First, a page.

Support the Court issued a letter to St. Cloud State President Roy Saigo, demanding he hold the school newspaper accountable for what the group claims have been biased news stories. The group also demanded Saigo issue public statements supporting the homecoming royal court and reiterating the university’s commitment to diversity.

At the rally, St. Cloud State Provost Michael Spitzer said Saigo read a statement in support of the homecoming royal court at a Student Government Association meeting. In addition, Spitzer said he requested a meeting between student representatives and the faculty adviser of the school newspaper.

He said the university has a zero-tolerance policy on violence and added that the majority of threats came from outside the campus community.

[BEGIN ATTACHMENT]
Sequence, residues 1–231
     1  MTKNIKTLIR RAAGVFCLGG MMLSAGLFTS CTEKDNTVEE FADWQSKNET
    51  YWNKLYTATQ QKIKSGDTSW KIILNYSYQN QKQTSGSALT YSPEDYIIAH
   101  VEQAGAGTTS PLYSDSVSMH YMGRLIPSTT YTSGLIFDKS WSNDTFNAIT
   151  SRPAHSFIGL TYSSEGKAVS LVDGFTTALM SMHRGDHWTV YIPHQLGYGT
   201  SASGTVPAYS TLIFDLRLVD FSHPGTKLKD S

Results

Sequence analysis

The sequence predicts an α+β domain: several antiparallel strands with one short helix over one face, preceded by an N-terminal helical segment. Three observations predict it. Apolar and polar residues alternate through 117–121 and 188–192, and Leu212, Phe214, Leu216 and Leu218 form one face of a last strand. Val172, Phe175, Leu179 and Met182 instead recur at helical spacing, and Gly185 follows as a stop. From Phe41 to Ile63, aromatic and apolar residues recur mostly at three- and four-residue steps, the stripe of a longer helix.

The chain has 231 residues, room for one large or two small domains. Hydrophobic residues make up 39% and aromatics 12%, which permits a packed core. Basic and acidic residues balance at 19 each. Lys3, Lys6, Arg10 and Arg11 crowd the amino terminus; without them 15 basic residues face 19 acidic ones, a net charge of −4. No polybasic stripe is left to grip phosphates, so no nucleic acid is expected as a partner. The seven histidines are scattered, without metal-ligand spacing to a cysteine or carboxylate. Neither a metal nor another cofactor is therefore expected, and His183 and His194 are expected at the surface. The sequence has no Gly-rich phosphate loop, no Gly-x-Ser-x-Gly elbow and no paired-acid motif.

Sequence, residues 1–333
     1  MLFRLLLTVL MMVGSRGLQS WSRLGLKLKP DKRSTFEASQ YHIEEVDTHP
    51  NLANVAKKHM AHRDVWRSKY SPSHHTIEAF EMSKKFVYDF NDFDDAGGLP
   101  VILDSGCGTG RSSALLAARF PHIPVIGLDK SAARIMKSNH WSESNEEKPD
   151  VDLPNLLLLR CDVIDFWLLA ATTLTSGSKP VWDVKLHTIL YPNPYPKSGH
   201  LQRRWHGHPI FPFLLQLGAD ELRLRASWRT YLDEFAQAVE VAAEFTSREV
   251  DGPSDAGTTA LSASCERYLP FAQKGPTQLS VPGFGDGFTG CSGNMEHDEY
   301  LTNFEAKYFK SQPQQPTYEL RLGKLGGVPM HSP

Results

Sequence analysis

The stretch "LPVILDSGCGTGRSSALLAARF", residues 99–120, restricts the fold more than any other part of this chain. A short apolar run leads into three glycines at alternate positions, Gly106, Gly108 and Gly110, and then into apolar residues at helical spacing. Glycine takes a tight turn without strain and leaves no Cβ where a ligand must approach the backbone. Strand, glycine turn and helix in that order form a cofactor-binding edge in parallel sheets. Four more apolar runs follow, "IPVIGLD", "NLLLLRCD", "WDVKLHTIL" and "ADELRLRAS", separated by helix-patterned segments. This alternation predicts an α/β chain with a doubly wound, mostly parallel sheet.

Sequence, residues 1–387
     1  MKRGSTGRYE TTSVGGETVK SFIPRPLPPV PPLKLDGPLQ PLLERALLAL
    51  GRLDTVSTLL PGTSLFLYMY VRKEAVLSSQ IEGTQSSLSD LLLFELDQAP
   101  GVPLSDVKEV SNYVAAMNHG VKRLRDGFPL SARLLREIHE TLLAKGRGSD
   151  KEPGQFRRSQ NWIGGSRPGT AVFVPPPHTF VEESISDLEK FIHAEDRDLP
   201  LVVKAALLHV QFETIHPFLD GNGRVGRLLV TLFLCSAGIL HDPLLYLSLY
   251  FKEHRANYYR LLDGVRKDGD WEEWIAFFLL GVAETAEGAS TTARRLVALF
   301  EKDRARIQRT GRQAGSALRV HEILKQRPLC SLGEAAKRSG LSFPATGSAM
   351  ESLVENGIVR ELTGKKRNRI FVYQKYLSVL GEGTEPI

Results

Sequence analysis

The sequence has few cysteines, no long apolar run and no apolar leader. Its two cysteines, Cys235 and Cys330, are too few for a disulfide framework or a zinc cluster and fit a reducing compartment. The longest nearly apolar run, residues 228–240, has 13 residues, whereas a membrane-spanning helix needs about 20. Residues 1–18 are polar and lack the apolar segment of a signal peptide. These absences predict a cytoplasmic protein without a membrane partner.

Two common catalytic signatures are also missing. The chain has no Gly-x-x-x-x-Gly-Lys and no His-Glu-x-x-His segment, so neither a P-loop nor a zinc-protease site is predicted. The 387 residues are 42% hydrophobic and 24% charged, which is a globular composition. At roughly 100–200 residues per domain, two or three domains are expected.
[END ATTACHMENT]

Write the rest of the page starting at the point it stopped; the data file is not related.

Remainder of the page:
A public rally and public dissent

But not everyone in the crowd was a supporter of Khang.

Annie Ferber, a first-year St. Cloud State student and candidate for homecoming queen, attended the Support the Court rally to offer a dissenting opinion and said the event focused too much on racism and not enough on the issue at hand.

“They didn’t really talk about Fue being a man,” she said.

Ferber’s mother, Kim Ferber, said she was very upset with the election.

She said she had previously collected 500 signatures from students and community members in a petition. The petition demanded the university make a rule requiring future homecoming queens to be female and asked that Khang give his title to the runner-up.